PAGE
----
It also appears that Paul Ryan is quickly creating lots of jobs in various fact-checking departments…

•Accused President Obama‘s health care law of funneling money away from Medicare “at the expense of the elderly.” In fact, Medicare’s chief actuary says the law “substantially improves” the system’s finances, and Ryan himself has embraced the same savings.

•Accused Obama of doing “exactly nothing” about recommendations of a bipartisan deficit commission — which Ryan himself helped scuttle.

•Claimed the American people were “cut out” of stimulus spending. Actually, more than a quarter of all stimulus dollars went for tax relief for workers.

•Faulted Obama for failing to deliver a 2008 campaign promise to keep a Wisconsin plant open. It closed less than a month before Obama took office.

•Blamed Obama for the loss of a AAA credit rating for the U.S. Actually, Standard & Poor’s blamed the downgrade on the uncompromising stands of both Republicans and Democrats.

And there’s more….

The next statement Ryan made was that in 1980 “330,000 businesses filed for bankruptcy. Last year, under President Obama’s failed leadership, 1.4 million businesses field for bankruptcy.”

This is not true. According to American Bankruptcy Institute, under Carter 331,264 businesses and non-businesses filed for bankruptcy. That number includes not just businesses, but personal bankruptcies as well. In 1980, there were 43,694 business bankruptcies and 287, 570 non-business bankruptcies.

Ryan also got it wrong with regard to the number of business bankruptcies last year. In 2011, there were 1, 410, 653 total bankruptcies. Of that number 47,806 were business bankruptcies and 1,362,847 were non-business bankruptcies.

and just to keep it in perspective, Paul Ryan is being sold as the gold standard in Republican honesty and integrity when it comes to numbers.  Really.

Here’s a bit of the “liberal” media conspiracy…in that we have an actual liberal calling out the media for keeping certain things from the eyes of the public.

When Mitt Romney walked down the aisle toward the stage Thursday night, among the people whose hands he shook was the conservative billionaire and major political donor David Koch. But it was a moment missed by the tens of millions of viewers at home. While Democracy Now! was there on the floor and captured the handshake on video, the networks cut away just before the handshake to show footage of two enthusiastic young women supporters and then an overhead shot of the convention center.

You can even see Mitt’s face light up when he sees the Koch.

Heading back to that Rolling Stone story about how firms like Bain avoid paying taxes on their income…the NY State Attorney General (the one after the whore-monger) is now looking into the practice of treating wealthy and connected people’s labor as if it were capital (and thus getting a 20% tax break, from 35% down to 15%).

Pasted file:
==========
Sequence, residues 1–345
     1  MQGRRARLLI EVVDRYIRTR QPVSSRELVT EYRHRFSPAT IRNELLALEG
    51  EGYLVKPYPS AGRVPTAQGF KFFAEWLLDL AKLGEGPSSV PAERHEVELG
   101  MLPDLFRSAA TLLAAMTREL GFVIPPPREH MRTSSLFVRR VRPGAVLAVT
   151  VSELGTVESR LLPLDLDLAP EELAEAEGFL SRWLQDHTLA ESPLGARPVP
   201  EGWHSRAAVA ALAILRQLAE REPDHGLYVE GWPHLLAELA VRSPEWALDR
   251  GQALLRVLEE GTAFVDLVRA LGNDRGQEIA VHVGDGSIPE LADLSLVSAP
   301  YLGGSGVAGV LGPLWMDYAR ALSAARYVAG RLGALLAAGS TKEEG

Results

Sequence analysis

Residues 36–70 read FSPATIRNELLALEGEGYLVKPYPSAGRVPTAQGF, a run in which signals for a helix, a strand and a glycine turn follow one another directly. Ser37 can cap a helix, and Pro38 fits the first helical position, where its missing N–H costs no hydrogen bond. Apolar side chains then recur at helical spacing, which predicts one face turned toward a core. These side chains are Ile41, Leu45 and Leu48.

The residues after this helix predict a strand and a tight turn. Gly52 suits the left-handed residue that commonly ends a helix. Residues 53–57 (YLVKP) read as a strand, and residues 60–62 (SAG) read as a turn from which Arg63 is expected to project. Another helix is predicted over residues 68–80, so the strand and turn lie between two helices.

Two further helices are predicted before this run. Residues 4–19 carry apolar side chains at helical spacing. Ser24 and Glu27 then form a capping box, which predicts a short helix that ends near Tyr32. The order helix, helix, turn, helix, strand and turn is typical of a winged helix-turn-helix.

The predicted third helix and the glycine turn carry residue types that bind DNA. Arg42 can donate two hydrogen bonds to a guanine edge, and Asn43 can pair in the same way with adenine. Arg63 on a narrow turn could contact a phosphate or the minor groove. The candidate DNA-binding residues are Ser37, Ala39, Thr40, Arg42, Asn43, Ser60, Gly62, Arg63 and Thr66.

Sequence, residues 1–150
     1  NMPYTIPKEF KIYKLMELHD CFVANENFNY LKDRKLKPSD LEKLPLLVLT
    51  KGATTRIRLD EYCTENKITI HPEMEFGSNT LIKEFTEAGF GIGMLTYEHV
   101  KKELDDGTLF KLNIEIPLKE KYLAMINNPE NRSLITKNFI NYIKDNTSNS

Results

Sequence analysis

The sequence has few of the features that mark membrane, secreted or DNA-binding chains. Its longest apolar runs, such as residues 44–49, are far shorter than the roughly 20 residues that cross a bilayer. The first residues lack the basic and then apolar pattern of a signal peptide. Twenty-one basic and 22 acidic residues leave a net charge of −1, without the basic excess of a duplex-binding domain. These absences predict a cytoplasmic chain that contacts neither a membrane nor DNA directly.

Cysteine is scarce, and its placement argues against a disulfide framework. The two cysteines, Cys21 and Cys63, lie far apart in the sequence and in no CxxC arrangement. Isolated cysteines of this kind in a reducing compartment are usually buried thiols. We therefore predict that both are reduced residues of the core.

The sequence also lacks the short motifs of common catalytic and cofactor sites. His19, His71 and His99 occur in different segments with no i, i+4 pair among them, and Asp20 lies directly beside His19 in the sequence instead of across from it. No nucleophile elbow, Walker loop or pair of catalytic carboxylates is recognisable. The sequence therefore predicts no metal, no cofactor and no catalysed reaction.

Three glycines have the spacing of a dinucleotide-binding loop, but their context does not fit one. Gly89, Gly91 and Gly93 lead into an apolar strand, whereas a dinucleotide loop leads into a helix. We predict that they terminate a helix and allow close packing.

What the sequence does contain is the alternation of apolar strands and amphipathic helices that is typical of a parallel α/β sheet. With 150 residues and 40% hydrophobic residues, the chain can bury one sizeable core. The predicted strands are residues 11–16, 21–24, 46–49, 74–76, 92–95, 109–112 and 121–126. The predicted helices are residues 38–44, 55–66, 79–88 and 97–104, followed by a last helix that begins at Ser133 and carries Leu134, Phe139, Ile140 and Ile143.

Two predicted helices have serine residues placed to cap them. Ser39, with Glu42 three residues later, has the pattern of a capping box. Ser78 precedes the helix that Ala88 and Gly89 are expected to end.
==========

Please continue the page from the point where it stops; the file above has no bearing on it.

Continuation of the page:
The New York attorney general is investigating whether some of the nation’s biggest private equity firms have abused a tax strategy in order to slice hundreds of millions of dollars from their tax bills, according to executives with direct knowledge of the inquiry.

The attorney general, Eric T. Schneiderman, has in recent weeks subpoenaed more than a dozen firms seeking documents that would reveal whether they converted certain management fees collected from their investors into fund investments, which are taxed at a far lower rate than ordinary income.

According to financial statements, Bain partners saved more than $200 million in federal income taxes and more than $20 million in Medicare taxes.

[full story]

Thus goes the “secret to his success”.

And finally we see a Business Insider story that hits the nail on the head.

Lots of things are wrong with the economy, but the main problem can be summed up with two simple facts:

  • Corporate profits as a percent of the economy are at an all-time high
  • Wages as a percent of the economy are at an all-time low

The following charts clearly illustrate that problem.
Read more: http://www.businessinsider.com/henry-ford-salary-increase-2012-8#ixzz25cGRYdou

I repeat…

  • Corporate profits as a percent of the economy are at an all-time high
  • Wages as a percent of the economy are at an all-time low

This is the natural results of 30+ years of supply-side economics.

History of Supply Side Experiment

Here we see the real world effect of “supply side” economics.

And there you have it.  Links dumped.

Oh…one final note…it appears that some of the rich, if eaten, might actually sustain us for a while.  Just a thought…

Just in case you were beginning to think rich people were deeply misunderstood and that they feel the pain of those who are less fortunate, here’s the world’s wealthiest woman, Australian mining tycoon Gina Rinehart, with some helpful advice.